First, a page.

Balls of dough file past on the assembly line and a sweet scent fills the air at a bread factory that embodies Ukraine’s determination and its tentative recovery 100 days on from Russia’s invasion.
Located near the capital Kyiv, the Tsar-Khlib factory continued production even as Russian troops advanced, keeping city residents fed despite a missile attack on a neighbouring facility.
Tsar-Khlib had to contend with extreme challenges.
At one point, the factory was less than eight kilometres (five miles) from the front line, and many of the factory’s workers were stranded in territory held by Russian forces. Most of its clients had fled to safety.
“But we quickly realised that we had to keep producing because some people were staying on,” said Anton Paliy, the 43-year-old head of production.
In the end, the immediate crisis passed, as Russian troops withdrew from the area at the end of March.
Operating with just a fraction of its 800 employees, the factory continued producing 16 tons of fresh bread a day, compared to its normal level of 100 tons.
When the air raid sirens sounded, workers would run into the basement. When they returned, they would find messy piles of fresh bread outside the oven.
Paliy said the sound of the machinery drowned out the noises of war in the background, making the situation a little more bearable “psychologically”.
– Kyiv residents returning –
The state-of-the-art Shanta factory, just a few hundred metres away, was not so lucky. Russian missiles destroyed the building on March 16.
Oleksandr Tarenenko, the director of Khlibni Investizii, which owns both facilities, said the attack was a war crime because Russian forces had targeted civilian infrastructure.
A missile shot down by Ukraine’s air defence forces can still be seen outside the building.
Reconstruction could be lengthy and costly, and the facility’s 140 workers are unemployed.
But at Tsar-Khlib, activity is picking up as Kyiv residents return to the city.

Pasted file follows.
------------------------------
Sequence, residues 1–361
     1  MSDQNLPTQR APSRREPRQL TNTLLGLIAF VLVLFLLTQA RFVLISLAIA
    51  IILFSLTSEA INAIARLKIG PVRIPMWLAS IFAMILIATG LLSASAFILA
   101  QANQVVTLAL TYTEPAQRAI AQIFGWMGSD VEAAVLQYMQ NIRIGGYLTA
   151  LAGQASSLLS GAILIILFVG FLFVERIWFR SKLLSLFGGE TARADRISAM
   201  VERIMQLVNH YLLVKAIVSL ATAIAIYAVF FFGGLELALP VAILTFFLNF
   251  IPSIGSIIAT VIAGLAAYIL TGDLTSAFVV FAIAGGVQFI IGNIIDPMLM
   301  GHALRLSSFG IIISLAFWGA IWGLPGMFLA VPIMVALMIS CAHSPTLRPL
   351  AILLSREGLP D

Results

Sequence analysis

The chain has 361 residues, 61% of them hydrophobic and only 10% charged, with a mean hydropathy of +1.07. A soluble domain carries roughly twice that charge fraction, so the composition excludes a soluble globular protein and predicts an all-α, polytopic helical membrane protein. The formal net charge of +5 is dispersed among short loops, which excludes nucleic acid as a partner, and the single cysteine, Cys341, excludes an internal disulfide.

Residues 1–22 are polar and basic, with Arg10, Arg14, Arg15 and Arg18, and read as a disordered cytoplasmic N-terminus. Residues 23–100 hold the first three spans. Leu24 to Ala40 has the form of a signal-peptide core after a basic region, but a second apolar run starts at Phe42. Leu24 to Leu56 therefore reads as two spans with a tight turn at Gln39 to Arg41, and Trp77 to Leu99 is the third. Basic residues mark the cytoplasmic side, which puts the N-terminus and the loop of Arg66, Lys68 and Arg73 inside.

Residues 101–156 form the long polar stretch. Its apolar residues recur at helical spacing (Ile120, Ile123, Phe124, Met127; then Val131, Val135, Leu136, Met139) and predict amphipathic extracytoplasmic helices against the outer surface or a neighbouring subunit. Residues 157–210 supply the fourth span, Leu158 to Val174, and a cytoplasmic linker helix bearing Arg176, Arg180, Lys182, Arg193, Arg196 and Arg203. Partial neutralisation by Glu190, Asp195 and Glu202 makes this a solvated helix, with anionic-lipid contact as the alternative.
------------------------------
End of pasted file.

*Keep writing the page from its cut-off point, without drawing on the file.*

Demand “is increasing every week”, said Tarenenko.
The International Monetary Fund expects Ukraine’s economy to shrink by 35 percent this year, but parts of the country are slowly recovering despite the ongoing conflict in the south and east.
In Kyiv and the surrounding region, “consumer demand is increasing, connections are being restored”, Finance Minister Sergiy Marchenko told AFP.
Even the return of foreign embassies was sending a signal to the public that the capital is open for business and residents were returning to “re-launch their economic activities”, Marchenko said.
– ‘We did our job’ –
Even in Ukraine’s second biggest city, Kharkiv, whose outskirts are still being shelled by Russian forces, there are some signs of recovery.
The popular Cafe Crystal, in a central park, re-opened its doors at the end of April after two months, although the menu is limited, and the staff are down to seven or eight from 30 or 40 before the war.
“We have to keep jobs. The city is gradually reviving. People want to come out and have a coffee,” said Alyona Kostrova, the manager.
“After staying in bomb shelters, they want to live a little.”
At Tsar-Khlib, production has gone up to 50 tons a day and Paliy said he felt at least some comfort in “feeling useful in these difficult times”.
“It’s not that I want a medal, but we did our job — we helped people,” he said.
“And we will continue to do it.”